• Choose zero-calorie mixers - Seltzer, sparkling water, or just plain water contains zero calories and none of the sugar and junk that comes with traditional mixers. 
  • Choose a light beer or low-calorie option - Don’t go for the full-bodied lagers and frozen drinks as these are loaded with extra calories.
  • Choose clear liquors - In general, clear liquors vs brown liquors are significantly less calorie-dense.
  • Choose a larger cup - Pouring the same amount of alcohol into a larger cup with more of your mixer can allow you to sip on your drink and make it last longer without adding any additional calories.
  • Alternate your drinks with water - To help avoid drinking too many drinks, try alternating your consumption with a glass of water or a diet soda in between.

Best Macro-Friendly Alcoholic Beverages

beer macros and alcohol

If you’re tracking your macros and still like to enjoy a drink or two on occasions, it’s nice to know which choices are the most macro-friendly so you can get the most out of your macros. Below are a few great choices:

Hard Seltzers

You can throw a rock in the grocery store without hitting a case of hard seltzers these days, they’re everywhere! With only around 100 calories per can and some delicious flavors, it’s safe to say that seltzers are here to stay.

Example Macros for one 12-oz can: 100 calories / 25g carbs / 0g protein / 0g fat

Vodka Tonic (Diet)

Diet tonic waters are calorie-free and vodka is a classic choice for mixed drinks. A splash of vodka is around 64 calories, making this one of the best alcoholic drinks for your macros.

Example Macros for a single: 64 calories / 16g carbs / 0g protein / 0g fat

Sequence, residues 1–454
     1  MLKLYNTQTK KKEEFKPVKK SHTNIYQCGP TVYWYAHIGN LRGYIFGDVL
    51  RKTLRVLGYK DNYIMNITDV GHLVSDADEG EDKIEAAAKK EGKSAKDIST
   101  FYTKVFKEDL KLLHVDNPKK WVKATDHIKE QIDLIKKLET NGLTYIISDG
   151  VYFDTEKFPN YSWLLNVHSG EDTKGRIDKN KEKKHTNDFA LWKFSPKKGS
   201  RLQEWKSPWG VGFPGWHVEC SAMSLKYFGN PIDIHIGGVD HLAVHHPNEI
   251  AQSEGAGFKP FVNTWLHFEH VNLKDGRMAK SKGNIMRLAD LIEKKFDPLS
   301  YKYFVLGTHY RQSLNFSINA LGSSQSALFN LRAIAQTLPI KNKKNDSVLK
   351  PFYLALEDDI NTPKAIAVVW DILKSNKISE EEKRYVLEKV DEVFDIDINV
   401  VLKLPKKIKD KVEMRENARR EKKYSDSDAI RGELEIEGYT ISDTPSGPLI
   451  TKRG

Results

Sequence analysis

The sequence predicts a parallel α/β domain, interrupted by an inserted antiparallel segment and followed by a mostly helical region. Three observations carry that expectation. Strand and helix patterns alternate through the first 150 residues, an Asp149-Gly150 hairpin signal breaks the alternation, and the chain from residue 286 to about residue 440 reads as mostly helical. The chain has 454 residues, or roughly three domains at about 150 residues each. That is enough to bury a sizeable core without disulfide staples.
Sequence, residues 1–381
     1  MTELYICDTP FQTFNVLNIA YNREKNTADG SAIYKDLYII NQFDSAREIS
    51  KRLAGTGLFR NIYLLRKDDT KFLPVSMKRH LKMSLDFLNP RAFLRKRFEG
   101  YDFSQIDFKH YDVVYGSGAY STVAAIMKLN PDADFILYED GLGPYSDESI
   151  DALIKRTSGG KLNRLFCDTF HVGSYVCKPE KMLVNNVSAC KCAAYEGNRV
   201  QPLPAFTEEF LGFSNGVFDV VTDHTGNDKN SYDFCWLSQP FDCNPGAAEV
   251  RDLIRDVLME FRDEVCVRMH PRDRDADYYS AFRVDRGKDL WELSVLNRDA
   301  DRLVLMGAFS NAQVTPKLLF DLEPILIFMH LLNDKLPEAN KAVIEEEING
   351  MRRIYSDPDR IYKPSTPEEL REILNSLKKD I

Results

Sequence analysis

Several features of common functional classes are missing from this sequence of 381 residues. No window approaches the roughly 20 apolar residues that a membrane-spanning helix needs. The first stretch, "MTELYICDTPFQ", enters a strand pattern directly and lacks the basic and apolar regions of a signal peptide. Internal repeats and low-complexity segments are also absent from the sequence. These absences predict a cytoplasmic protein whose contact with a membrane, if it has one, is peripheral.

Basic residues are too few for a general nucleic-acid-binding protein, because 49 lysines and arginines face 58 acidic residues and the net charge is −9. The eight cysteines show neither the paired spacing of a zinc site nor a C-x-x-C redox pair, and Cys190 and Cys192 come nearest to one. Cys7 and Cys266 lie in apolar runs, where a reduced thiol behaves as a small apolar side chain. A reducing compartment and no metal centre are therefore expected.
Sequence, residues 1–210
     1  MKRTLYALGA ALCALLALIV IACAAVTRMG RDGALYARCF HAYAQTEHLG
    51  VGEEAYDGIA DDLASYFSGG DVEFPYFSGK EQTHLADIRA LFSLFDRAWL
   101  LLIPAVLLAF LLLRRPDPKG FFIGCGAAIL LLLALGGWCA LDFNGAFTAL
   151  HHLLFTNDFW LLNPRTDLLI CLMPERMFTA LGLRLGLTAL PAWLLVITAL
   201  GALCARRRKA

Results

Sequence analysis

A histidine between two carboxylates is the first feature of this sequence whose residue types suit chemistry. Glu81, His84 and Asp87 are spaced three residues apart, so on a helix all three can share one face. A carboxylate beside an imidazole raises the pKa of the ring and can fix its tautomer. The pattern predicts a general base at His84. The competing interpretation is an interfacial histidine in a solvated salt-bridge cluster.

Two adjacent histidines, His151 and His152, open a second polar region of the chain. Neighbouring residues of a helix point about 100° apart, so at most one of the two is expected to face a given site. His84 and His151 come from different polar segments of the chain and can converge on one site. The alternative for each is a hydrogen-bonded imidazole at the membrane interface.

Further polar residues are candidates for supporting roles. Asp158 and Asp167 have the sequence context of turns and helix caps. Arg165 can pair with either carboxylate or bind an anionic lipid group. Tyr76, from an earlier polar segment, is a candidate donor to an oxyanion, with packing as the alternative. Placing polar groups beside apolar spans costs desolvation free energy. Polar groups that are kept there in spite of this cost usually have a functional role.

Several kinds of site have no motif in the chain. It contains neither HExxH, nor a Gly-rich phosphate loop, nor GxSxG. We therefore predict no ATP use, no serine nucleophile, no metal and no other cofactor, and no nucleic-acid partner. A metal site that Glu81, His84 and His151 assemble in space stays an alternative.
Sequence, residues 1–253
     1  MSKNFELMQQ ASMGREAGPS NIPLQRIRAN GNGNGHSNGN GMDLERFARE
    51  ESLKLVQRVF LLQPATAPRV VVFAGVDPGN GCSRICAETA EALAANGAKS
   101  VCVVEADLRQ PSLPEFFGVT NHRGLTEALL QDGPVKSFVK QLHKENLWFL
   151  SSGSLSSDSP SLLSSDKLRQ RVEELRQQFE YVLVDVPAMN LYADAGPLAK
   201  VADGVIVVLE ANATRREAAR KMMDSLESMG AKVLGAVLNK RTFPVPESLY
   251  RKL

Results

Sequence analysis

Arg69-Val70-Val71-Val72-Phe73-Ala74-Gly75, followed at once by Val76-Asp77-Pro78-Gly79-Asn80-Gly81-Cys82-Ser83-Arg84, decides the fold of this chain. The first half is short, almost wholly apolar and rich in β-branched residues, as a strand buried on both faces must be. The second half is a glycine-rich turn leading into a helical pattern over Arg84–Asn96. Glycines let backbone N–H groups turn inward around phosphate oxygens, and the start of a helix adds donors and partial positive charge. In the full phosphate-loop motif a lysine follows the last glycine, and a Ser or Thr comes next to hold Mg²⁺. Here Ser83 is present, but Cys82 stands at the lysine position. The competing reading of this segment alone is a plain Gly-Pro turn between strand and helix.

Rum and Diet Coke

Vodka not your thing? No worries, you can enjoy a classic rum and diet coke for similar macros.

Example Macros for a single: 64 calories / 16g carbs / 0g protein / 0g fat

Skinny Margarita

Margaritas are traditionally very calorically expensive thanks to the copious amount of mixers and simple syrup (sugar) added to them. However, you can still enjoy that margarita flavor without all the calories if you choose a skinny margarita which usually contains more lime and/or orange juice and something like agave syrup. 

Example Macros for 1 drink: 166 calories / 41g carbs / 0.5g protein / 0g fat

Light Beer

Choosing a light beer over a lager or regular beer can save you plenty of calories but still give you the crisp, refreshing taste you’re looking for. 

Example Macros for 1 light beer: 104 calories / 26g carbs / 0g protein / 0g fat

Final Thoughts on How to Track Alcohol Macros

Nutrition labels can be very deceiving, but once you have a knowledge base of macros and how to track them, it’s easy to understand that the calories in your alcoholic drink need to be tracked appropriately for accurate reporting.

The great news is that there’s some flexibility with tracking alcohol since there is no official macro designation for it. The bad news is that it will require you to take a couple of extra steps and intentionality in order to make sure you’re tracking correctly.

If you have any go-to drinks, I highly recommend adding the macros into your preferred tracking app (I recommend 1st Phorm app - check it out here) as a recipe that you can easily pull up and log when you’re going to enjoy that drink.

With macros, there are no foods or drinks that are off-limits, so enjoy the drinks you love in moderation, just be sure to take a couple of extra seconds to ensure you’re tracking properly!

About the author 

Tami Smith

Tami Smith is a certified Nutritionist and an ACE certified fitness trainer, specializing in pre and post-natal fitness. She studied business and earned her bachelor's degree in Business Economics. Tami is a mom of two and women's health advocate. Her passion is to help people live a fit, healthy life through proper nutrition and exercise!